Search - The American Experience - Abraham and Mary Lincoln: A House Divided on DVD

The American Experience - Abraham and Mary Lincoln: A House Divided
The American Experience - Abraham and Mary Lincoln A House Divided
Actors: David Morse, Holly Hunter, David McCullough, Jean Harvey Baker, David Herbert Donald
Director: David Grubin
Genres: Drama, Documentary
NR     2001     6hr 0min

Documentary film exploring the trials and tribulations of the Lincoln marriage.


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Movie Details

Actors: David Morse, Holly Hunter, David McCullough, Jean Harvey Baker, David Herbert Donald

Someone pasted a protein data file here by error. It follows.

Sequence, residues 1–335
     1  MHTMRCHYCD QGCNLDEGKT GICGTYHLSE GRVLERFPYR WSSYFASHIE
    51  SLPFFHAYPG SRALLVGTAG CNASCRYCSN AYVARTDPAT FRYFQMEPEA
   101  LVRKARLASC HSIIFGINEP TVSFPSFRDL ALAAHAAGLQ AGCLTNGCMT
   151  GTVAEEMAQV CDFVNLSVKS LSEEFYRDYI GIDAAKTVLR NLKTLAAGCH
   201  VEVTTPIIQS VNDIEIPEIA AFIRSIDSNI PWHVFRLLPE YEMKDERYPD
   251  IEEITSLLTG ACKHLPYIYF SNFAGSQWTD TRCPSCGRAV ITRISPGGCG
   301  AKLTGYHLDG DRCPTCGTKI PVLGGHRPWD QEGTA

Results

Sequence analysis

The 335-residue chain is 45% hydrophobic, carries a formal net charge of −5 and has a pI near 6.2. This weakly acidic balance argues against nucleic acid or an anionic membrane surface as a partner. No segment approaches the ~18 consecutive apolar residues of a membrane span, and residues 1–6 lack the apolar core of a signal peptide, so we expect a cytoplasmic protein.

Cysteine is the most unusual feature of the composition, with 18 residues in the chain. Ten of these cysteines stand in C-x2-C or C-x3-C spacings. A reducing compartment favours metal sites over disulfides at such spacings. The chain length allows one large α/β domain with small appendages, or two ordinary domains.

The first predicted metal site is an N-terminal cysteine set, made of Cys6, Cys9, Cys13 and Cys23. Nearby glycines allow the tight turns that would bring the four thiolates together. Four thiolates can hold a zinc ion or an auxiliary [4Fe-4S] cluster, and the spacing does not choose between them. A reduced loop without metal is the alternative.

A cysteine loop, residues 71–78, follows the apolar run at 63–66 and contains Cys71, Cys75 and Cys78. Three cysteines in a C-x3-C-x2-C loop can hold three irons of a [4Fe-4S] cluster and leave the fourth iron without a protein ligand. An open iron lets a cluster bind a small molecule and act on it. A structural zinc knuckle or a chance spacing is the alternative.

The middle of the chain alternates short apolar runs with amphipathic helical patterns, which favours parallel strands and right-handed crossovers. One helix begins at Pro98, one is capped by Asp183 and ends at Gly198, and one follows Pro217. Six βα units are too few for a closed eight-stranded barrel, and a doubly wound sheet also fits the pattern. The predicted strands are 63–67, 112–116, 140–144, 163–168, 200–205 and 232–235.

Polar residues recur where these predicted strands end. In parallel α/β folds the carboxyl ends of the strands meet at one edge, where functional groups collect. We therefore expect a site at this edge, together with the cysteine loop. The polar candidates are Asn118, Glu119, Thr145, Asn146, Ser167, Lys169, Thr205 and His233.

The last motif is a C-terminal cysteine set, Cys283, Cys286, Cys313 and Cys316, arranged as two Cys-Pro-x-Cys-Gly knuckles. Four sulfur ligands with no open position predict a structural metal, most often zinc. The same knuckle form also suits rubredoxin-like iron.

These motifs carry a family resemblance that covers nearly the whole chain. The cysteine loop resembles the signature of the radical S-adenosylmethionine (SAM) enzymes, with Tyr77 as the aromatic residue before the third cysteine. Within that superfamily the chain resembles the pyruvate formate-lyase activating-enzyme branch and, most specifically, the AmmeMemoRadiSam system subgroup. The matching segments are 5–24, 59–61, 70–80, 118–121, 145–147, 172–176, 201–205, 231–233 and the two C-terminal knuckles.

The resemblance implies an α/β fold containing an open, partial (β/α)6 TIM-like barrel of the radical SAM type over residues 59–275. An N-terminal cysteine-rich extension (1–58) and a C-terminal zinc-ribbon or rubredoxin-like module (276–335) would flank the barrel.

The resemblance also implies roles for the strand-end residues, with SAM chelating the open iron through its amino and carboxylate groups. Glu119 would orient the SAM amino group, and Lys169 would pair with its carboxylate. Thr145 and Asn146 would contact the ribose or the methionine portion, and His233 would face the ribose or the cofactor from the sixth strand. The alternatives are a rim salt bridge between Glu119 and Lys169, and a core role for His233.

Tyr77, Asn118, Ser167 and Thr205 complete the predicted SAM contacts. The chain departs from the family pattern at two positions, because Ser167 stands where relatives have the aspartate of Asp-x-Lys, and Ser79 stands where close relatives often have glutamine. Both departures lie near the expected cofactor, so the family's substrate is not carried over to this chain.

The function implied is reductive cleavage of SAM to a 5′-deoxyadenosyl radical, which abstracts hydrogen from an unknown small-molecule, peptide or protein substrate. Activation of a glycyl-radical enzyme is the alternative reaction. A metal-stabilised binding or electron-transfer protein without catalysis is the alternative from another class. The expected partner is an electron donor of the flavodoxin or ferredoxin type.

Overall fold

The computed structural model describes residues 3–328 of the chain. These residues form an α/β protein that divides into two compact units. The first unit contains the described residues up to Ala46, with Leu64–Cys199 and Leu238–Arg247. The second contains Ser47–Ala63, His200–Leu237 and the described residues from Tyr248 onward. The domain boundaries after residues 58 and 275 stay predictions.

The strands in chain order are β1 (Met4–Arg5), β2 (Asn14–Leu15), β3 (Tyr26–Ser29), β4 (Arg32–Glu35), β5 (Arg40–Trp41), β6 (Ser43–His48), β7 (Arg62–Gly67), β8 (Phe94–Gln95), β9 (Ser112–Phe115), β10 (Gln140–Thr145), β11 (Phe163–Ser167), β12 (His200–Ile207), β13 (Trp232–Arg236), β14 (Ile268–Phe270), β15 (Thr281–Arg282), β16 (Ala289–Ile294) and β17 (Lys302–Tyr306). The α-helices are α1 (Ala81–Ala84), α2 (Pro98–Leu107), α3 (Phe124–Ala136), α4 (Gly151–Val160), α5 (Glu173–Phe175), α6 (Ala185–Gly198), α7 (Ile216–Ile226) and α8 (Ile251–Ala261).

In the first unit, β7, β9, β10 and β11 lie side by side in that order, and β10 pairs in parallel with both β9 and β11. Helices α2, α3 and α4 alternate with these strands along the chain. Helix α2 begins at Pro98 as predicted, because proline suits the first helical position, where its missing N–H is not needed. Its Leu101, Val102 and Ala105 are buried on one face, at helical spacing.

Director: David Grubin
Creators: David Grubin, Allyson Luchak, Amanda Pollak, James E. Dunford, Lesley Norman, Geoffrey C. Ward
Genres: Drama, Documentary
Sub-Genres: Drama, Documentary
Studio: Pbs (Direct)
Format: DVD - Black and White,Color
DVD Release Date: 08/28/2001
Original Release Date: 02/19/2001
Theatrical Release Date: 02/19/2001
Release Year: 2001
Run Time: 6hr 0min
Screens: Black and White,Color
Number of Discs: 3
SwapaDVD Credits: 3
Total Copies: 0
Members Wishing: 5
Edition: Box set
MPAA Rating: NR (Not Rated)
Languages: English
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Movie Reviews

Outstanding Documentary on the Lincolns
Mskitty | East Coast U.S.A. | 06/05/2004
(5 out of 5 stars)